We have made an impact on the environment. How big is not exactly known, but it is large enough that some of the changes we have caused are being noticed.

Evidence of our impact is all around us — in melting Arctic ice, rising sea levels, and changing climate patterns… and that’s just a few examples.

We can all help reduce carbon emissions and combat climate change.

Ever thought about how carbon dioxide emissions are rising at an accelerating rate? And how the average temperature on Planet Earth has increased by almost 1°C over the past 100 years?

What about how we’re damaging ecosystems and seeing more frequent droughts and natural disasters around the world?

Or, how a rapidly changing climate is bringing irrecoverable changes to wildlife and habitats across the globe?

Our carbon footprint on Planet Earth is increasing due to the amount of pollution we create each year and the rate at which people are using fossil fuels.

Luckily, there are ways that you can help reduce climate change by reducing your own carbon emission levels.

The environment is always changing, but we humans have made it worse. Planet Earth is warming up and we must do something about it!

Carbon emissions are a major contributor to climate change. This is because carbon dioxide (CO2) is one of the most common greenhouse gases that contribute to global warming.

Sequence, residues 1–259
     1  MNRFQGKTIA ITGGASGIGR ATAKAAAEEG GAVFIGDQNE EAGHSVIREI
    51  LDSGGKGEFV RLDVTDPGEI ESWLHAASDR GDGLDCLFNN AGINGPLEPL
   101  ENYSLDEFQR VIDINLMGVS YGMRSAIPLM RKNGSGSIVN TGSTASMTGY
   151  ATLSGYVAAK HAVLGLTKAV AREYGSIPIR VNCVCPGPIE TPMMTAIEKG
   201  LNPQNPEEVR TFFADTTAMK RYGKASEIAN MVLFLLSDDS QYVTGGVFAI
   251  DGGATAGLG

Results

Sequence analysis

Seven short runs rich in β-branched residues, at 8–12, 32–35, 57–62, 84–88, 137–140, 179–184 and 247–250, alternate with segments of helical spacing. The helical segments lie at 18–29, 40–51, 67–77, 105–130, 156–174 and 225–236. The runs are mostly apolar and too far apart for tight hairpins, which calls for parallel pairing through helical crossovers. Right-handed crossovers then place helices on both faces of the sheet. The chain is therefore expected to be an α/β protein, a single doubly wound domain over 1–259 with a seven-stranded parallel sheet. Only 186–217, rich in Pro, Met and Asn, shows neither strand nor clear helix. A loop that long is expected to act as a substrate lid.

Carbon dioxide is produced through natural processes such as respiration and combustion of fossil fuels, but also by human activity.

People release CO2 when burning fossil fuels such as coal, oil and natural gas for energy or transportation. It’s also released during deforestation and land use changes.

The more you reduce your own carbon footprint, the less pollution you create and therefore help reduce climate change on a nationwide scale.


Carbon emissions are making our environment unliveable. We all want to be a part of a healthy, thriving world for generations to come – but what can we do?

The burning of fossil fuels releases carbon dioxide into the air, which builds up in our atmosphere, trapping more heat and resulting in global warming.

Although some of the effects of global warming are a few years off yet, we can still do something to prevent it from happening.

It will take a worldwide effort to reduce greenhouse gases. But we can each start at home by being aware of our carbon footprint and making changes accordingly.

Do your part to make the world a better place.